Brexit: PM 'closer to Welsh voters on immigration'
Theresa May is "closer" on immigration to voters in Wales than Carwyn Jones, Welsh Secretary Alun Cairns has said.
His comments came as the prime minister chaired the joint ministerial committee (JMC) meeting on Brexit in Cardiff.
Mr Cairns said Welsh calls for access to the single market were "not inconsistent" with Mrs May's preference for free trade deals.
But Wales' first minister said he wanted devolved nations to be part of the Brexit process.
Mrs May did not speak to reporters after the JMC meeting on Monday, but beforehand she said while the various UK governments would not agree on all matters, she hoped the discussions would be "constructive".
Following the meeting, Mr Jones said it had been a "useful discussion", adding: "The right things were being said in there, but there are issues we need to see detail on.
"The UK Government needs to incorporate the views of devolved administrations - we need to be part of the process, not just listened to," he said.
Welsh Secretary Alun Cairns said there had been "positive engagement, particularly around international trade".
He said the Welsh Government's call for "full and unfettered" access to the single market was "not inconsistent" with the UK government's desire for a free trade deal without membership.
"We're determined to take every part of the United Kingdom with us as we negotiate to exit the European Union," he said.
But Mr Cairns claimed the prime minister was "closer in line with the thinking of people in Wales who want control of immigration" than Mr Jones.
"The UK government's position of managing and controlling immigration is much more closer in line with the will of the whole of the United Kingdom, but particularly in Wales in those parts where people voted in strong numbers to leave the European Union." he said.
Earlier, a spokesman for the first minister said he had a one-to-one meeting with the prime minister before the JMC talks.
He said Mr Jones welcomed a "firm commitment" from Mrs May that Brexit "would not be used as cover for a 'land grab' on devolved powers".
On the issue of the single market, the spokesman said: "The positions are not identical, but not irreconcilable at this stage."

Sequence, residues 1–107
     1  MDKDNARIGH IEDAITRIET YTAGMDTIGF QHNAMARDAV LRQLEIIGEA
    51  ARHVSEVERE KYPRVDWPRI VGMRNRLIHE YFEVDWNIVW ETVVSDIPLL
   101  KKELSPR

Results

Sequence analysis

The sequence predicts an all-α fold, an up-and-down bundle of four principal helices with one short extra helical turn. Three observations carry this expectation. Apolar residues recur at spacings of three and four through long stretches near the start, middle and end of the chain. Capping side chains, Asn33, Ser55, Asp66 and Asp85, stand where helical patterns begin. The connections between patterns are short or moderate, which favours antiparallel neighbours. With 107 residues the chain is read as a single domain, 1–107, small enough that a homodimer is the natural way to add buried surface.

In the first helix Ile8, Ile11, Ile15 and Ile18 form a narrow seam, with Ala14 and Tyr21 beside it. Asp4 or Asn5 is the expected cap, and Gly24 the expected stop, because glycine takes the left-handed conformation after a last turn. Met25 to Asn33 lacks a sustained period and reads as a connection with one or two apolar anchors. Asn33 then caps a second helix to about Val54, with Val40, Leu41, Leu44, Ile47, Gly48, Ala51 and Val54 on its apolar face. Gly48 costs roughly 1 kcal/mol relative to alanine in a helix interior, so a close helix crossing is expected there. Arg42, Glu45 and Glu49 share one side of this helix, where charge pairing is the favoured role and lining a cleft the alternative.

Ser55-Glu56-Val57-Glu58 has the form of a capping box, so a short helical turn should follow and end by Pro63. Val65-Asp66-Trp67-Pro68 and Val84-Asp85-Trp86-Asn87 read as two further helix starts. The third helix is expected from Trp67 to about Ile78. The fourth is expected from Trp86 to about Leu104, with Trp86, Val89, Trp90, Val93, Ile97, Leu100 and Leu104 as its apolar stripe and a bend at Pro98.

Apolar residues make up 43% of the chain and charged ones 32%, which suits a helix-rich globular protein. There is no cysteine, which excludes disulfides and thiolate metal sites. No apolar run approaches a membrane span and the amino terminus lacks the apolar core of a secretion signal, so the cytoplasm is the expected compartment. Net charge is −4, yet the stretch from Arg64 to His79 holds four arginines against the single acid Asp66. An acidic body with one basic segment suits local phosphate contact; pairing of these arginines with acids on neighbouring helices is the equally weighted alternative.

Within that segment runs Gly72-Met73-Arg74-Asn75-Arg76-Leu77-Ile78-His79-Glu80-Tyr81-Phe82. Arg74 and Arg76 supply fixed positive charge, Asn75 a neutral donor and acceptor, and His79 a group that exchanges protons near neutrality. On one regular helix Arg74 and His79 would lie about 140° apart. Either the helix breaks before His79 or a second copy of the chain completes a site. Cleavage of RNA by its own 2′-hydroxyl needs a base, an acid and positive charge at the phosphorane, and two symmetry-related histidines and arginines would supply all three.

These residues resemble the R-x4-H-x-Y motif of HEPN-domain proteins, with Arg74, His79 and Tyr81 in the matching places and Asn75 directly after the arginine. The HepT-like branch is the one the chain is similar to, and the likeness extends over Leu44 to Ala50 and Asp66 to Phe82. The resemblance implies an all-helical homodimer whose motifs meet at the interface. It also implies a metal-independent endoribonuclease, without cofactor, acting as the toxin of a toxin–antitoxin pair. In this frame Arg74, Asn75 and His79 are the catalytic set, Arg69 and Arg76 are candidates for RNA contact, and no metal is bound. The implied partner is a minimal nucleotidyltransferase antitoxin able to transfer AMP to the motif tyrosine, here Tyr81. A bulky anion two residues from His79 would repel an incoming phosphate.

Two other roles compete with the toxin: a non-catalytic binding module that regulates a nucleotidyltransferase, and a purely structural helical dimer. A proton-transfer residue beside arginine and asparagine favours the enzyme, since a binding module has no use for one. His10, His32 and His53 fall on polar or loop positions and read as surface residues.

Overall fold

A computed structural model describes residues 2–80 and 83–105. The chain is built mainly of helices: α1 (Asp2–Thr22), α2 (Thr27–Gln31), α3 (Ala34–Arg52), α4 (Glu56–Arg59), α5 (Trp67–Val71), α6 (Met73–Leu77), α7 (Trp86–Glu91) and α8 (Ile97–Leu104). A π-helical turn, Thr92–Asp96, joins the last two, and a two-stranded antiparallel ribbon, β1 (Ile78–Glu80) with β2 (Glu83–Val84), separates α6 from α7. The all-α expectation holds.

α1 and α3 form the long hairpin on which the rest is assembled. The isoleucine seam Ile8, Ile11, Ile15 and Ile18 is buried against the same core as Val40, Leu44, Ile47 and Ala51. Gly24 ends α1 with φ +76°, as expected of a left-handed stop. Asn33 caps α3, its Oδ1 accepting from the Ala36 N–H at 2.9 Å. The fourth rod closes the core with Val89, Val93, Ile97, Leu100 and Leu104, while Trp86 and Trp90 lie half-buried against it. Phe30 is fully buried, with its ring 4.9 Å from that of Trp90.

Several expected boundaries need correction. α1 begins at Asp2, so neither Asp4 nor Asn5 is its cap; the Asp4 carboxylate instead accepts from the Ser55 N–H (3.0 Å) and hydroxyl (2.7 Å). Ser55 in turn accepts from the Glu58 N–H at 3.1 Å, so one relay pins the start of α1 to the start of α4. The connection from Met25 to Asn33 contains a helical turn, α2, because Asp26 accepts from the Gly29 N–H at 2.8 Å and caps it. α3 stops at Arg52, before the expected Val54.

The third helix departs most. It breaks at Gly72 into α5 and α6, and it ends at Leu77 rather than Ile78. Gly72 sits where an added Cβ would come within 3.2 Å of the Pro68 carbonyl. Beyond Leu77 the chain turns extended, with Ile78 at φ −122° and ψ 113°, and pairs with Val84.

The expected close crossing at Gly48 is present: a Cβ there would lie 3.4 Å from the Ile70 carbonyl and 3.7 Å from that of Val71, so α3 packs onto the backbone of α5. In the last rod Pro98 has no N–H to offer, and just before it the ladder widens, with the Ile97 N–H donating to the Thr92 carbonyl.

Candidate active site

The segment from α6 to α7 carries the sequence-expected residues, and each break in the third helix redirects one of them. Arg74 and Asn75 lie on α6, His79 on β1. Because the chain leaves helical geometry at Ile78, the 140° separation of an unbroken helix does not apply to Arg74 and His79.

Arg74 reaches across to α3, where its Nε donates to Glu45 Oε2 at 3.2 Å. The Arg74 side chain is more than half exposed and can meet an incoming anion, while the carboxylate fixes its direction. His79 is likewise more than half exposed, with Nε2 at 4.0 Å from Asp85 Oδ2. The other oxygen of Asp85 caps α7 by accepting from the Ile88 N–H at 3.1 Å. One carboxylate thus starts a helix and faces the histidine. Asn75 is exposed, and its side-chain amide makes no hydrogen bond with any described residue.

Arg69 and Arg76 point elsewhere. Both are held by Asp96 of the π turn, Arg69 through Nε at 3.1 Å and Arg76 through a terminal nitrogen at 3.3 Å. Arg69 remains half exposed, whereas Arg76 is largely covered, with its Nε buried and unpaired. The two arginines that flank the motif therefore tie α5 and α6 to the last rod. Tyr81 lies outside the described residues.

He added that Mr Jones also raised "serious concerns" about the UK Government response to new US immigration restrictions and his belief that a state visit by President Donald Trump would be "difficult" in the current circumstances.
A small group of anti-Trump protestors unfurled a banner outside the meeting reading "Deals with the Devil".
Downing Street said the JMC meeting showed Mrs May's "commitment to engage with the devolved administrations and to seek a Brexit that works for the whole of the UK".
Ahead of the visit, Mrs May said: "We will not agree on everything, but that doesn't mean we will shy away from the necessary conversations and I hope we will have further constructive discussions today.
"We have also had the Supreme Court judgement which made clear beyond doubt that relations with the EU are a matter for the UK Government and UK Parliament.
"We should not forget that means MPs representing every community in the UK will be fully involved in the passage of Article 50 through Parliament."
The JMC last met in London in October, when the leaders of the devolved governments were told they must not "undermine" Brexit negotiations and Mr Jones said there was "a great deal of uncertainty" about the UK's position.
Mr Jones has published a plan for Brexit, calling for freedom of movement rules to be linked to whether migrants have a job.
The white paper, launched by Mr Jones and Plaid Cymru leader Leanne Wood in London, also demanded full single market access.
Ms Wood said there had been "a healthy exchange of views" at a separate meeting on Monday that she and Wales' Finance Secretary Mark Drakeford had with the UK government's Brexit Secretary David Davis.
She said Mr Davis was "left in no doubt over the importance of single market participation". The Plaid Cymru leader also raised the issue of agricultural exports and subsidies and "the need for freedom of movement to avoid skills shortages".
"While Wales may have voted to leave, no one voted to give the Tories a blank cheque to wreck the Welsh economy by dragging us out of the single market and jeopardising 200,000 jobs," Ms Wood added.